In The Afterlife
by Jake Block
“In the afterlife,
You could be headed for the serious strife.
Now you make the scene all day,
But tomorrow there’ll be Hell to pay.”
— In the Afterlife (Squirrel Nut Zippers)
In an online correspondence with a colleague by email, I was asked what LaVey thought about the possibility of there being an afterlife, and if I felt that it was a real possibility, now that I’m “in that age group” for whom death is of certain concern. He then went on to say that the reason he found himself wanting to believe in the concept was that he had “so many questions to ask people like Moses, Plato, LaVey, etc.”
I told him that my personal belief was that death is just another damned thing you have to do, and once that last “task of living” is complete, there is no more. No afterlife, no singing with the angels, no heaven or hell, no memories. Not even an enfoldment of one’s personal essence into the “eternal pool.” The Latin “tabulae rasam,” or “clean slate,” is closest to my belief on the matter, not quite oblivion, as ones fingerprints on life as a whole could still be evident, at least for a while. I then told him that LaVey and I did have that conversation one evening, and he was pretty much of the same thought on the matter.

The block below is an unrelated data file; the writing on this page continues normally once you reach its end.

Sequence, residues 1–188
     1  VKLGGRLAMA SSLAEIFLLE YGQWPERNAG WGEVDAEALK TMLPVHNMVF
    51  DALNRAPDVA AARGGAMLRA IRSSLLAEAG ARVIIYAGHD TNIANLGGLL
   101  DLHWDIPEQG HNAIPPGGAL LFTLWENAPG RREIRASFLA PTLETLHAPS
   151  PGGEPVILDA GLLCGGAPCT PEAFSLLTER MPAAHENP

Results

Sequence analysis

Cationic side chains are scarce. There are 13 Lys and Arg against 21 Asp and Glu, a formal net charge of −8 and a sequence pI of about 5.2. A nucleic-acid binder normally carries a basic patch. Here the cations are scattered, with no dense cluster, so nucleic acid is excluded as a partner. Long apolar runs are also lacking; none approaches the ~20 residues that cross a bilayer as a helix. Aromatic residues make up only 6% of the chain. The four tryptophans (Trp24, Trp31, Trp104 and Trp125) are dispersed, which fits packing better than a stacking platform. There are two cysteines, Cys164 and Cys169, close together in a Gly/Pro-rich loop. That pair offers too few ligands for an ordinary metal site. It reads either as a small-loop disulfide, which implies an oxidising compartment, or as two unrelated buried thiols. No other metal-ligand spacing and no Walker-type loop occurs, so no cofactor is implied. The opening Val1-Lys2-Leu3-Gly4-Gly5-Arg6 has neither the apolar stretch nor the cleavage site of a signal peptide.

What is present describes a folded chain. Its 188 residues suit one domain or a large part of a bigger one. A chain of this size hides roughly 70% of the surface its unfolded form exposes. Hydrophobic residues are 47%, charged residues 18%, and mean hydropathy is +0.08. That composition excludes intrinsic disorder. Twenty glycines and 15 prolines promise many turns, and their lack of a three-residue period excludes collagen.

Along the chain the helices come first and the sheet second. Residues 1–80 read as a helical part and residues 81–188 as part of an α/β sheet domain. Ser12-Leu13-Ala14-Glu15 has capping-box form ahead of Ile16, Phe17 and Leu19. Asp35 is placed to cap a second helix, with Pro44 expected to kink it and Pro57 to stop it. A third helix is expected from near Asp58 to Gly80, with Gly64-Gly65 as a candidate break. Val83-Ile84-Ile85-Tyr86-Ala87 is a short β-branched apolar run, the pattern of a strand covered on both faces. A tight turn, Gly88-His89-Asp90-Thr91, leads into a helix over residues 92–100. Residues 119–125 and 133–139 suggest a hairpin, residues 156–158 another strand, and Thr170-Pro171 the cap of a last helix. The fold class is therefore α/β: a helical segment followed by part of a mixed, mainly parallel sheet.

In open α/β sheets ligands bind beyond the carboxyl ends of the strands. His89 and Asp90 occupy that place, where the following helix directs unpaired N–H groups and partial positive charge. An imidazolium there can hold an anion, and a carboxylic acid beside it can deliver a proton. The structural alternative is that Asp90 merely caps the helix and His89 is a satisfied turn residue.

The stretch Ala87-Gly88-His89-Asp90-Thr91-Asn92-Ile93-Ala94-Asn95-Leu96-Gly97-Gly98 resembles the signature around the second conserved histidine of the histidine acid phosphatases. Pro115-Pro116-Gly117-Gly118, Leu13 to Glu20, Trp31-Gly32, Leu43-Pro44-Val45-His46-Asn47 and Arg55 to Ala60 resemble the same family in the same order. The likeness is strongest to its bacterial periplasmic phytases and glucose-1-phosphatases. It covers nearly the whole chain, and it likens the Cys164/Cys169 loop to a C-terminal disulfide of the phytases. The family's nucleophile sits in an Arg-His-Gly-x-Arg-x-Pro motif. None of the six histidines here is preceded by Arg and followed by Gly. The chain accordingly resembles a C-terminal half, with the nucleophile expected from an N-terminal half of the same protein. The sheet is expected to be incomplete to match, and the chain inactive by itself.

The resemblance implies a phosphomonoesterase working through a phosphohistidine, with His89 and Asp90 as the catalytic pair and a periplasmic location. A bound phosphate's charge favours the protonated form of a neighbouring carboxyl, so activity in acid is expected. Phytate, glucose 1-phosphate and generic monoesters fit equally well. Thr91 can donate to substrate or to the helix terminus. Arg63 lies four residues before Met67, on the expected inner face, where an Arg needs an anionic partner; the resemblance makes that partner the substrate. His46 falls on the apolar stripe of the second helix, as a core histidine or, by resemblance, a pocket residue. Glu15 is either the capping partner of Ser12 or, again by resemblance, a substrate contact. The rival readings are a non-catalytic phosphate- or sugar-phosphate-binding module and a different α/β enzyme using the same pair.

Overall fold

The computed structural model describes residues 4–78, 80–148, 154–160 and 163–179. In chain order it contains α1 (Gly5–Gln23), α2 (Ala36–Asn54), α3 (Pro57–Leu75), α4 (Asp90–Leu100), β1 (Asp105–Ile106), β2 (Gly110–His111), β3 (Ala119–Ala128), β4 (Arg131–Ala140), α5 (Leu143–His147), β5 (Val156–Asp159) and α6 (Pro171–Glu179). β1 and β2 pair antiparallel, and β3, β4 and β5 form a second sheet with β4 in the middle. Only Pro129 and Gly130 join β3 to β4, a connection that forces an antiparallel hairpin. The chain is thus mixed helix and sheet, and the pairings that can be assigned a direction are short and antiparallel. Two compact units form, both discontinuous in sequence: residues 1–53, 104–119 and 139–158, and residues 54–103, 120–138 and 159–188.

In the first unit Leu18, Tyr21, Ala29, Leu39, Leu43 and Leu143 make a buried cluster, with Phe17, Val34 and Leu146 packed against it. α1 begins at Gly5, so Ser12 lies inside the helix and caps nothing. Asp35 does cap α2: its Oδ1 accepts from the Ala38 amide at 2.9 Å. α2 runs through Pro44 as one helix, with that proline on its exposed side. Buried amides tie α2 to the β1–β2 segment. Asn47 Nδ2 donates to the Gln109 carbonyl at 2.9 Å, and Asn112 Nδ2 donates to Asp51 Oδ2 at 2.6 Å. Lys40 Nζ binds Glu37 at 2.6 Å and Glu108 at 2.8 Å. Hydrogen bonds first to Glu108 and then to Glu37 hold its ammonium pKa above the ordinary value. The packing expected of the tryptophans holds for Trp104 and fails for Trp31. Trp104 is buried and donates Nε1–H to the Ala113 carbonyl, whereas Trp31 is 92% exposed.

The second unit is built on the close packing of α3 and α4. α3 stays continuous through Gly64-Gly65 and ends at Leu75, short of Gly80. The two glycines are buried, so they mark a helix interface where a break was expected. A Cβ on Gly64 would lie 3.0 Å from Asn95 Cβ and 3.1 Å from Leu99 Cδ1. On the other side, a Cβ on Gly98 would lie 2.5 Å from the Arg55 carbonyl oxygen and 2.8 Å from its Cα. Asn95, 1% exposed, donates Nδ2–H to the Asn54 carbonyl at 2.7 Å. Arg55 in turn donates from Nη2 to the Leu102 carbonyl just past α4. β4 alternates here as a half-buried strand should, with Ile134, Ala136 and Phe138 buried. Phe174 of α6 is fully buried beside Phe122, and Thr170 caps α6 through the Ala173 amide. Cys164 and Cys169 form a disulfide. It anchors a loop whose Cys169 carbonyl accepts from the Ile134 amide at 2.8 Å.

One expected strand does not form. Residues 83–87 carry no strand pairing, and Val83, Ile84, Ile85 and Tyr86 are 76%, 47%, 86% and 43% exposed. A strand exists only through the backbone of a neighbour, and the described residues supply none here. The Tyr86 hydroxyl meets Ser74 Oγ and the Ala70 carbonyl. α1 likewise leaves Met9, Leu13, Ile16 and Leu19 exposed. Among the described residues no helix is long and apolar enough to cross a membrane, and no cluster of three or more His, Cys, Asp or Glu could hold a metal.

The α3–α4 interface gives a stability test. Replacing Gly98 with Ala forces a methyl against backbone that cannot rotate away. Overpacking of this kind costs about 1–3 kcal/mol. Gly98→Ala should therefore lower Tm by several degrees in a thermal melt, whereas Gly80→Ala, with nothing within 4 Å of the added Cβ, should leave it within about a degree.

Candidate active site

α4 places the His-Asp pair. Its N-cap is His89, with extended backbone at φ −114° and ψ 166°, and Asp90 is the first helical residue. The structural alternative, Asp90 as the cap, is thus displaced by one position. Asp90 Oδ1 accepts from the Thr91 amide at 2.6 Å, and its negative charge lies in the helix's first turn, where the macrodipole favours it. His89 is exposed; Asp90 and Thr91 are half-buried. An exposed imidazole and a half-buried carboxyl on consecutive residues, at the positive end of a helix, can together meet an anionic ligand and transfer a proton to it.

I also told him that we’d spoken about the concept of speaking with others in the afterlife, should such a place or plane of existence exist in death. LaVey was of the opinion that those one might be able to converse with in death would be limited to those one had actually known in the reality of life. If you had not been alive and had not met Moses or Plato during their lifetime, you still would not be able to communicate with them after death. This would presume the idea of some universal intelligence into which one would automatically be assimilated upon one’s death, and this was a concept that LaVey had no belief in, at the time of our conversation. However, if this were possible, LaVey asked, “Why would Moses, Plato or anyone else have an interest in speaking with “Joe Blow” from the 20th Century, in the first place?”
Then, my friend asked me if there were people that I would like to have the ability to interact with after death. In all honesty, it’s not the first time… or the tenth… that I had been asked that question and, if someone had asked me this same question at various points in my life, my response would probably have been very different than it would be today. If, and that’s a big “IF,” I could believe in the concept, I could come up with any number of people from whom I would seek enlightenment or clarification on things that have historically been ascertained in their philosophies or historical importance. As for persons… individuals with whom I had shared some form of relationship… I could probably limit that contact list to the number of fingers on one hand. And in reality much fewer than that, to possibly none.